DLR Group designed a building whose faceted form is meant to be “a dialogue of water and sky,” said principal Dennis Bree. Visitors would enter “through water” and “rise to the sky” via an “interpretive platform lift,” then descend through ramped walkways toward the exhibit galleries, where they’ll learn about the Navy and its history. The building would be clad in reflective metal panels, so its shape reflects the water and the skies, “forging them together.” The preserved mast of the Constitution would be mounted on top of the occupiable portion of the museum, up to 170 feet in the air, making it a city landmark that’s visible from a great distance.
Gehry Partners, with Craig Webb as project designer, proposed a large simple volume with glass on three sides filled with naval artifacts and images that would be visible from outside the building. Inside, images, graphics and video projections would be layered to tell a story about the different eras in the Navy’s history. O’Laughlin said Gehry didn’t propose a highly sculptural form for the museum because he didn’t want the building’s form to overwhelm what the messaging is. “Frank didn’t want this big formal expression,” O’Laughlin said. “He didn’t want the building to take over. He really wanted to make a transparent building that allows the inside to tell the story. He wanted there to be transparency throughout the building.” The building is “meant to, on a subconscious level, not be so linear and to really convey the depth of who the Navy is.”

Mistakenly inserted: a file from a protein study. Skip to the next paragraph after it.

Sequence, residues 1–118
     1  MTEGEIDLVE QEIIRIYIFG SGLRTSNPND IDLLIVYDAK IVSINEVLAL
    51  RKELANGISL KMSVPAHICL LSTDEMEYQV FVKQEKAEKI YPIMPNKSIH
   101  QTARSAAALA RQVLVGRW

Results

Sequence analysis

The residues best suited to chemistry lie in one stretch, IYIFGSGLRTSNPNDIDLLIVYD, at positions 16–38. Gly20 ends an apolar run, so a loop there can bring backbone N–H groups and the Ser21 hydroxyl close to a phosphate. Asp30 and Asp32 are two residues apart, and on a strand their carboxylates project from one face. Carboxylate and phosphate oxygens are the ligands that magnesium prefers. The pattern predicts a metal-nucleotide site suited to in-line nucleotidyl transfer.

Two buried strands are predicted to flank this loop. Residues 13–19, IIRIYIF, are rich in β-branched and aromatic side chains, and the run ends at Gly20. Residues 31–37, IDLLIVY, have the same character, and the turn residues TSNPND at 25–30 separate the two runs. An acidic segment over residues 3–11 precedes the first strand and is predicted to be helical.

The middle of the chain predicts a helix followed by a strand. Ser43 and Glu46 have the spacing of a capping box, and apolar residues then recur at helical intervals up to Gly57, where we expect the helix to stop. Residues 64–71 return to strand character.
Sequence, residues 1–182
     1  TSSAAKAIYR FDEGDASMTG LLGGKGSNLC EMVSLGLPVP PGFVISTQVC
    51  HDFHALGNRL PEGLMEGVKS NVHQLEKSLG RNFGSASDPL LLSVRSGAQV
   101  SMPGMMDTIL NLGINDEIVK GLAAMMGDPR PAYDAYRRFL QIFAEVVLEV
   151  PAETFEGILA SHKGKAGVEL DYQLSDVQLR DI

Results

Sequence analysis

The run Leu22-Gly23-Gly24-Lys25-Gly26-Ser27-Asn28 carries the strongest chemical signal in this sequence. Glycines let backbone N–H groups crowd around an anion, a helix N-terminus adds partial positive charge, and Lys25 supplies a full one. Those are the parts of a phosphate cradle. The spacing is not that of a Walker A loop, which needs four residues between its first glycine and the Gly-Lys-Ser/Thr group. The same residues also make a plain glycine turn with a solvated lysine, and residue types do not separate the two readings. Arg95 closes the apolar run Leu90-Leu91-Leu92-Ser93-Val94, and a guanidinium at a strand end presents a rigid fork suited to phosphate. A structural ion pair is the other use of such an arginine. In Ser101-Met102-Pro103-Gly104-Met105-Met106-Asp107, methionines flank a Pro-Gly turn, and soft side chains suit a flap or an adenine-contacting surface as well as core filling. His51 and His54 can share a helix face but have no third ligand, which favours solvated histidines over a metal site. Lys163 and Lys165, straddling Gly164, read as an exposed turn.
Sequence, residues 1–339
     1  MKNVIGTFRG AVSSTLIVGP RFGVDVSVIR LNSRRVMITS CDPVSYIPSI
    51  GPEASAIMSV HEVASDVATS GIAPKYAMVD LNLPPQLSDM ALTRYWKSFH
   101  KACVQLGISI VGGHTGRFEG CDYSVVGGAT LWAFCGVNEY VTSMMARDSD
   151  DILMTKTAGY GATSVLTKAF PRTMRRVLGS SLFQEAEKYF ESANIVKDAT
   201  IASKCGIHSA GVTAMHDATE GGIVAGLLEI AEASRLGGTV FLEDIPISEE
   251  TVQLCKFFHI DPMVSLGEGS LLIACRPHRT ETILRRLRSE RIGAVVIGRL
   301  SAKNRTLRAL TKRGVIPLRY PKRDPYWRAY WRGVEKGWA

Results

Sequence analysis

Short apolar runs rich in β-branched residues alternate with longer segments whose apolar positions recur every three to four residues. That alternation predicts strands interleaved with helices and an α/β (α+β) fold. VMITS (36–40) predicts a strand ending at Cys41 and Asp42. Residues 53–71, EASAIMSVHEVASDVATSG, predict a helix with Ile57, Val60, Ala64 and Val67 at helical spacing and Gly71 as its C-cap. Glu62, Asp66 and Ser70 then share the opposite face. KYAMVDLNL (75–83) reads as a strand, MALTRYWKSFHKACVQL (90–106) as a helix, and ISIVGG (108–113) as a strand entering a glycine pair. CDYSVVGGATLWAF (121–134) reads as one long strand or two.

Perkins&Will conceived of the museum as “a physical manifestation of endurance,” symbolic of the “resilient and flexible fiber of the Navy—shaped and strengthened over centuries of maritime power.” Sail-like volumes sweep across the site, expressing a sense of balance between forces “Forged by the Sea.” The arrival experience marks “the moment a visitor leaves the civilian landscape to join the team-oriented world of the Navy” and explore its history “from the depths to the stars.” The Honor Courtyard is a place where land, air and sea intersect, and artifacts are displayed in settings that evoke the context in which they function.
BIG conceived of the museum as a series of five elongated, gabled galleries that increasingly step up in height and represent the five branches of the Navy: Surface, Subsurface, Exploration, Aviation, and Space. The five “wings” merge in a “sinuous plan,” creating a “landmark” atrium space on the inside and a sculptural roofscape on the outside. The designers say the stepping-up of the volumes is a reference to “the formation of naval fleets in the ocean and the sky,” while the gables are references to the gabled buildings elsewhere in the Navy Yard and their copper cladding is inspired by the overlapping wood boards or metal plates on a ship’s hull. The wings could be built in two or more phases, as funding permits.
Renderings from the competition will remain on display at the current Navy Yard museum during its operating hours. Select renderings are also viewable online.
Now that the designs have been unveiled, the competition organizers intend to get reaction from the public to see what resonates with potential visitors. The first focus group will be in two weeks. Those wishing to comment on the designs can visit the Naval History and Heritage Command Facebook page or send an email to [email protected]. The NHHC plans additional public showcases this summer.
Swift, the museum’s acting director, said the Navy and NHHC hope to arrive at a design and secure funds in time to break ground on October 13, 2025, the Navy’s 250th anniversary. Once the new museum opens, the existing building will be used by the NHHC for “back of the house” purposes such as collections storage, he said.
Edward Gunts is a freelance writer and the former architecture critic for The Baltimore Sun.